Putin ally reassured son, a prisoner in the U.S., that things "will get better, I am sure about that"

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Putin ally reassured son, a prisoner in the U.S., that things "will get better, I am sure about that" Empty Putin ally reassured son, a prisoner in the U.S., that things "will get better, I am sure about that"

Post by Ben Reilly on Thu Feb 02, 2017 4:58 pm

The Federal Detention Center near Seattle is home to 563 men and women who are all waiting for something. Some are accused criminals approaching trial, others are immigrants facing deportation, a few are serving a sentence and waiting for their release date to arrive. For the last year, Russian hacker Roman Seleznev has been waiting for Donald Trump.

Seleznev, 32, was once among the United States’ most-wanted computer criminals, sought for stealing credit-card numbers from restaurant point-of-sale systems and selling them in underground internet forums for millions. Then in July 2014 he made the mistake of leaving his native Russia for a resort vacation in the Maldives. U.S. officials persuaded local police to pick up Seleznev and turn him over to Secret Service agents, who hustled him onto a private jet, then onward to the U.S. Pacific island of Guam for easy extradition to Seattle.

In some ways, Seleznev’s rendition was not extraordinary. Russia has no extradition treaty with America, so U.S. cops have learned to indict Russian nationals in secret, then seek their arrest when they travel abroad. That’s what happened in January when police in Barcelona arrested 32-year-old Stanislav Lisov, wanted for allegedly looting U.S. bank accounts. And in October, Czech police picked up Russian national Yevgeny Nikulin in Prague on allegations he hacked DropBox and LinkedIn. Both men are fighting extradition to the U.S.

Seleznev, though, is not just another Russian hacker. His father is Valery Seleznev, an outspoken member of the Russian parliament in the ultranationalist Liberal Democratic Party of Russia, and a political ally of Russian President Vladimir Putin. The arrest immediately put added strain on U.S.-Russian relations already tested by Putin’s annexation of Crimea and the U.S.-led sanctions that followed. Russia’s foreign ministry held a press conference lashing out at the “kidnapping,” while the senior Seleznev insisted his son was no hacker, telling a Russian news agency, “This is some monstrous lie and provocation.”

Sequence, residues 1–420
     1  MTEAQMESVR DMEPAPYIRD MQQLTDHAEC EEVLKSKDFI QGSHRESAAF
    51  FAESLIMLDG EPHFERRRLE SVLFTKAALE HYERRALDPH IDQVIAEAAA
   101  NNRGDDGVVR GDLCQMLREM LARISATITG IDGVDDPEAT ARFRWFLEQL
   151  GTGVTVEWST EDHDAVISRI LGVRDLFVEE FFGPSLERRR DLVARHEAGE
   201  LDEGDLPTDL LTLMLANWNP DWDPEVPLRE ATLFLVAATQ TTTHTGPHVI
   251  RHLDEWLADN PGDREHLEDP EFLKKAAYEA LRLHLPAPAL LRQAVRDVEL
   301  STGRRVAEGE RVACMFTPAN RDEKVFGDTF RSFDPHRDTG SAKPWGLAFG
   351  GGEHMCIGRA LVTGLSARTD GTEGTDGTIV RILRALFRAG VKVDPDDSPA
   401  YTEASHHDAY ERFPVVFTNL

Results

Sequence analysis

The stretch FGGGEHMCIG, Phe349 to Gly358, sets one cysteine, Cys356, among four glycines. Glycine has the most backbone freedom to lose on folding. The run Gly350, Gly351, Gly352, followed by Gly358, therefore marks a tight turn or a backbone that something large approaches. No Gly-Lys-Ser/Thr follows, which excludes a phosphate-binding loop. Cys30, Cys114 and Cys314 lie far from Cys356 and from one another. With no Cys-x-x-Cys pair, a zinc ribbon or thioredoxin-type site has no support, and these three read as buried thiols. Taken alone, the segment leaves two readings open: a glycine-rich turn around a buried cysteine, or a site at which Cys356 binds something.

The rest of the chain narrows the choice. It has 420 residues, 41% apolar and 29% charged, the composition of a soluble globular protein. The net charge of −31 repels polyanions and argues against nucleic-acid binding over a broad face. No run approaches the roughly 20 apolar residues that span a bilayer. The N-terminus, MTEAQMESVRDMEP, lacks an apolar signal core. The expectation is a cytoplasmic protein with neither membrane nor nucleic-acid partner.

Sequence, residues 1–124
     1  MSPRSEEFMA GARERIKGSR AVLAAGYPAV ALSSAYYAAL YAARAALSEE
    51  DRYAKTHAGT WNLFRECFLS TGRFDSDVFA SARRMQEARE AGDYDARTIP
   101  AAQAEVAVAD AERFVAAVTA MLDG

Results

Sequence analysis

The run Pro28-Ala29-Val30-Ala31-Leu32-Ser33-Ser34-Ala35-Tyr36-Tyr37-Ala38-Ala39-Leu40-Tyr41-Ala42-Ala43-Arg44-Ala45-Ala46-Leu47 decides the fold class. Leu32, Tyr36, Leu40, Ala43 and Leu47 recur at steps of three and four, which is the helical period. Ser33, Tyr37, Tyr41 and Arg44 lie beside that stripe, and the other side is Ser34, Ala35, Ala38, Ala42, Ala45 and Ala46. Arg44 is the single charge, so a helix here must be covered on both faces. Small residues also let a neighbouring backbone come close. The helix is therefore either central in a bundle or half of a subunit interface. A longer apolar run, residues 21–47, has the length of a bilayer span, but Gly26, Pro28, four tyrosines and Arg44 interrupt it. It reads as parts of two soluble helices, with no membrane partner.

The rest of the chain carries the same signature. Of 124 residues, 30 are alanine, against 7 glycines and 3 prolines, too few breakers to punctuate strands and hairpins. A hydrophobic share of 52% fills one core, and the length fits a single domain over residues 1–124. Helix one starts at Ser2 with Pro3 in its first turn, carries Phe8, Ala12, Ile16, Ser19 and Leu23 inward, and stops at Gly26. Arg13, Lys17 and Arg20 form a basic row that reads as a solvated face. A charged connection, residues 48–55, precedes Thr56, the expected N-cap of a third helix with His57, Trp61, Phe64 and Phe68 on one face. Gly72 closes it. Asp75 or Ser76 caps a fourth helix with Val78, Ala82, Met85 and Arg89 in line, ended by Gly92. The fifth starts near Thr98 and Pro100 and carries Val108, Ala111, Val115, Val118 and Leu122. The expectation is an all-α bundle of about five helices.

Adjudicating Seleznev’s cases has been slow going for the U.S. In the last year alone the hacker has twice fired his lawyers, winning months-long postponements in his court dates each time. In April, frustrated prosecutors accused Seleznev of using delay tactics to try and put off the proceedings until after the 2016 election. “Defendant’s false and naïve belief that U.S. politics have any bearing on his case has been a constant theme in his conversations with his father.”

Prosecutors traced Seleznev’s election insights to a cryptic Dec. 15, 2015, phone call between the hacker and his father. On that day, Roman called Valery in Moscow to break the news that he’d lost a key motion attacking the lawfulness of his arrest. The senior Seleznev told him to keep his chin up, according to a translation by the Bureau of Prisons.
Valery: “You can be mad, but don’t go wild with rage.”

Roman: “No, I mean I need to keep going to go to the trial. I will keep going.”

Valery: “Absolutely.”

Roman: “Yes.”

Valery: “Besides, the relationships between the countries can improve. You know what I mean?”

Roman: “That’s what I am hoping for.”

Valery: “Well, they will get better, I am sure about that.”

Roman: “Well, some day they will get better for sure.” [Giggles]

Valery: “No, I think that they are already better.”

Roman: “Really?”

Valery: “Uh-huh.”

Roman: “OK, OK.”

Valery: “Yes.”

It’s unclear what inside information, if any, Valery Seleznev possessed on Dec. 15, 2015. Secretary of State John Kerry was in Moscow that day for preliminary meetings on the Syria crisis, which might have given the Russian lawmaker hope for better U.S. relations.


And I crawled out the window with my shadow in a spoon
Dancing on the roof shooting holes in the moon

- Beck
Ben Reilly
Ben Reilly
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